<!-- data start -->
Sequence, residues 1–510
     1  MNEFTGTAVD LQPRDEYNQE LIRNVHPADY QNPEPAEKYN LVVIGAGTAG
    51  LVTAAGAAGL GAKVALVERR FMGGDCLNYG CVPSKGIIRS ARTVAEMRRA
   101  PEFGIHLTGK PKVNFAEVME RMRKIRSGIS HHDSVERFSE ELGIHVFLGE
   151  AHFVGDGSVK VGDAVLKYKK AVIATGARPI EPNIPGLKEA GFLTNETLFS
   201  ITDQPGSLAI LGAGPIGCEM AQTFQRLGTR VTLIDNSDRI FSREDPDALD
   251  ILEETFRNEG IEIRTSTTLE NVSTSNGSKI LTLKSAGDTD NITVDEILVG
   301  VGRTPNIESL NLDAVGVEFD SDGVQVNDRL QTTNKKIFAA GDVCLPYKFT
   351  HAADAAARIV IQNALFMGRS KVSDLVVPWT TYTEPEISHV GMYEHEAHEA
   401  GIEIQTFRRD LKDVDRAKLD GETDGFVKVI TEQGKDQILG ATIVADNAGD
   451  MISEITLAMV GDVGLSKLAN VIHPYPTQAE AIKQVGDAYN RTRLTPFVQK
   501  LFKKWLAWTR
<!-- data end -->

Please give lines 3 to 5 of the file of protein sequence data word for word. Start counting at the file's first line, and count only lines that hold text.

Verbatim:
    51  LVTAAGAAGL GAKVALVERR FMGGDCLNYG CVPSKGIIRS ARTVAEMRRA
   101  PEFGIHLTGK PKVNFAEVME RMRKIRSGIS HHDSVERFSE ELGIHVFLGE
   151  AHFVGDGSVK VGDAVLKYKK AVIATGARPI EPNIPGLKEA GFLTNETLFS